The Invisible Man (2020): Halloween Review


Remaking a film from the early days of cinema is no easy task. Filmmakers are given the difficult task of adapting a dated story for modern audiences. The source material often has settings, situations, and stereotypes that are not relatable or engaging with modern audiences. The 2020 remake of “The Invisible Man” proves that not only is this task manageable, but when done right, it can set a new standard of quality and given new life to a genre that has been counted out for a while.

Universal’s attempt to create a “Dark Universe” consisting of every classic monster from Dracula to Frankenstein fizzled out after the failures of “Dracula Untold (2014)” and “The Mummy (2017).” While Universal tries to figure out how to move forward with their franchise of classic films, director Leigh Whannel stepped in to make a standalone film that distances itself from the previous failures of the franchise. The result is a breathtaking film that is nothing like its predecessors.

The brilliance of the films comes directly from Whannel’s visionary talent and ambition. The script does not waste a single moment. Every scene is expertly crafted to work towards plot twist after plot twist, all leading towards an epic climax and finale. There are only a few scripts that I would call perfect, but “The Invisible Man” is one of them.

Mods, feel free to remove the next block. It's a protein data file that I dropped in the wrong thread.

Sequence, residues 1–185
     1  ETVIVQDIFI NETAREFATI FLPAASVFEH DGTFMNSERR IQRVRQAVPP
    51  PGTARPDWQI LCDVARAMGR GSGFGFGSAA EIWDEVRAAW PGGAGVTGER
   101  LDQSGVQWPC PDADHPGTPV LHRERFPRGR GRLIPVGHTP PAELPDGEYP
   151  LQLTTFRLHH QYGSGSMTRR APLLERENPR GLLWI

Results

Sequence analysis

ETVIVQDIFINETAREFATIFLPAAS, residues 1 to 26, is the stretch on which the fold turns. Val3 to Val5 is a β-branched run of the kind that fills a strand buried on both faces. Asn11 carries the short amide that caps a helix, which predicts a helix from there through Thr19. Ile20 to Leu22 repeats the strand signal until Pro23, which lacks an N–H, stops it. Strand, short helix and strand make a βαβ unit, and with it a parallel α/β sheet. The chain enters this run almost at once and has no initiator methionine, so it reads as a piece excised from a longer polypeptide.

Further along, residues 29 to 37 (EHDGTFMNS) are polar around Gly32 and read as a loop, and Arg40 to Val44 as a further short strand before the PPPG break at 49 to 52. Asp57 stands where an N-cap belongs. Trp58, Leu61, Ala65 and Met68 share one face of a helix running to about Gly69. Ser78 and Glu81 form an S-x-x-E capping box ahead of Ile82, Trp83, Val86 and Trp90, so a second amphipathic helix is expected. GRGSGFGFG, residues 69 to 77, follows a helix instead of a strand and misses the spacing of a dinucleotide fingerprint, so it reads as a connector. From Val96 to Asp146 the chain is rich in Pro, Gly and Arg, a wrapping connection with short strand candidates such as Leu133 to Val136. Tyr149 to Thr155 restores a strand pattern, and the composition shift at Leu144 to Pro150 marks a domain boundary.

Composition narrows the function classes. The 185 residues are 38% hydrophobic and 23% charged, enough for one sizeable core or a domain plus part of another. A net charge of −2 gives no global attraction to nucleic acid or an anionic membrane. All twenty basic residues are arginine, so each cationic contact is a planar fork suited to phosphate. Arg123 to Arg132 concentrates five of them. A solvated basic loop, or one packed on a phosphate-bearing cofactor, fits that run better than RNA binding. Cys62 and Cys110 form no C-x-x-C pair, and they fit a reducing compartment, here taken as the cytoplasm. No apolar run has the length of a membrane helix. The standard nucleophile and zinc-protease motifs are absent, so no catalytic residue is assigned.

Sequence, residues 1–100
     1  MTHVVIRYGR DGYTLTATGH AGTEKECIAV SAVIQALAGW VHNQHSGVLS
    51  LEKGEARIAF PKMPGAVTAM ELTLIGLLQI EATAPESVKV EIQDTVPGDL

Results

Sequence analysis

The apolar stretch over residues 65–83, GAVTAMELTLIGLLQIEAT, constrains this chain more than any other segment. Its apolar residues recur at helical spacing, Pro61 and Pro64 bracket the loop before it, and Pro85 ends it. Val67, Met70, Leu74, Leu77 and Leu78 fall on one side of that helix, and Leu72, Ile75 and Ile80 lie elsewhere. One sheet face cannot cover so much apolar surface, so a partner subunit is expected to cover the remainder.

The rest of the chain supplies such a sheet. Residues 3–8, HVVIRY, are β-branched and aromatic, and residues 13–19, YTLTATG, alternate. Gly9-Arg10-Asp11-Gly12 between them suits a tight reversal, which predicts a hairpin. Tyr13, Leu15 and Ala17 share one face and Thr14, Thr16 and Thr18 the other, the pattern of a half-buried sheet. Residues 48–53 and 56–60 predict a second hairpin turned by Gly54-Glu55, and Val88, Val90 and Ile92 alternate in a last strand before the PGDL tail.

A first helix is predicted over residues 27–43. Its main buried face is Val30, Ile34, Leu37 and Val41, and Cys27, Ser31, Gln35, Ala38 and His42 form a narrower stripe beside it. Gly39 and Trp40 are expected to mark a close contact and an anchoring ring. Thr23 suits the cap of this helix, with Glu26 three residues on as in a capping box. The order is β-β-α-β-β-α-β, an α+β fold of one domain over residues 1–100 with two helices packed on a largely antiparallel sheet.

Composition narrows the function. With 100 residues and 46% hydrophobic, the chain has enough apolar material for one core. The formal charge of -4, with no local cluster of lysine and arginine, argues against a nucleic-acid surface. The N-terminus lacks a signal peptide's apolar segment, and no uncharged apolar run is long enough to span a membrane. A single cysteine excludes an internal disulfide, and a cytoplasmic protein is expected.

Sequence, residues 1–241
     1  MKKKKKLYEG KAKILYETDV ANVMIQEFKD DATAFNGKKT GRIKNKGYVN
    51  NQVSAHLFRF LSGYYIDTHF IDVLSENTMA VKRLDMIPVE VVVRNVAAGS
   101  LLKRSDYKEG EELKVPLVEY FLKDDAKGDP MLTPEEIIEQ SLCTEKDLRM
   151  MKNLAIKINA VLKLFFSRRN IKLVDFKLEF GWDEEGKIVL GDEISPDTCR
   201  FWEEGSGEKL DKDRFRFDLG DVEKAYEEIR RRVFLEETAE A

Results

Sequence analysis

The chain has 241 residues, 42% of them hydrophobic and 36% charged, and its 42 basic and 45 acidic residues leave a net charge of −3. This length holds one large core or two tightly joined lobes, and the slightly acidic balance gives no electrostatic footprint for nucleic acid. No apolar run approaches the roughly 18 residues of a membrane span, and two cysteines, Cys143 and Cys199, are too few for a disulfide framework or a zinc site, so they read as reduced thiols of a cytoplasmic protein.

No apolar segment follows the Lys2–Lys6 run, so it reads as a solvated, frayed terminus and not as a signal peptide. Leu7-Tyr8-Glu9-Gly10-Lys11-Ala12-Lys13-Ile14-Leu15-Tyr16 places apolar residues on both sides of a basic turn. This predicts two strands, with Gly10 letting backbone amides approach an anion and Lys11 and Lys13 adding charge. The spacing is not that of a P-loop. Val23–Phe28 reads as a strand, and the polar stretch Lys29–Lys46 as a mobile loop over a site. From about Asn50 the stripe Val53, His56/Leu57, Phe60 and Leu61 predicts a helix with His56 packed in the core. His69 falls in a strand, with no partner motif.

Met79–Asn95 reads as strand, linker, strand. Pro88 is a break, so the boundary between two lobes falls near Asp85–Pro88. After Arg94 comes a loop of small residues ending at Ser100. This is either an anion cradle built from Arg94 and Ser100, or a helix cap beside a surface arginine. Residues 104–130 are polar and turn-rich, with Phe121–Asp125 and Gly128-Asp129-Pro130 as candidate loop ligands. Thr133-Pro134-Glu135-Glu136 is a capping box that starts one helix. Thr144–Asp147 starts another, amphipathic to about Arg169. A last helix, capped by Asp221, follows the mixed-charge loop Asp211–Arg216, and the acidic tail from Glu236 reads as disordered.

The reimagined story follows Cecelia (Elizabeth Moss) as she struggles with the trauma of an abusive relationship while being tormented by her abuser, Adrian (Oliver Jackson-Cohen,) after he faked his death using a suit that makes him invisible. It expertly depicts an externalized version of the internal struggle that most abuse victims face and allows the audience to share Cecelia’s fears as she struggles with people believing her story.

Beyond the story elements, Whannel also manages to top his own standard for action sequences. His debut film “Upgrade” showed that he had incredible talent with stunt work, but “The Invisible Man” is on an entirely new level. The action sequences expertly incorporate the invisible villain gimmick and manage to leave the audience thrilled, terrified, and bewildered by the film’s technical achievements.

The film may have a slow start, as most modern horror films do, but halfway through, the story shifts into high gear and does not slow down. The film could also use a little bit more action, but the action and the script that we do get is so good that it’s impossible to be mad. It might not be saying much, but this is definitely the best movie of 2020 so far.

Filmnetic Grade: A+

The Invisible Man (1933): Halloween Review

An adaptation of H.G. Wells’ 1897 novel of the same name, ‘The Invisible Man’ (1933) joins the ranks of the Universal Classic Monsters series as the closest film to the actual novel it was based on.

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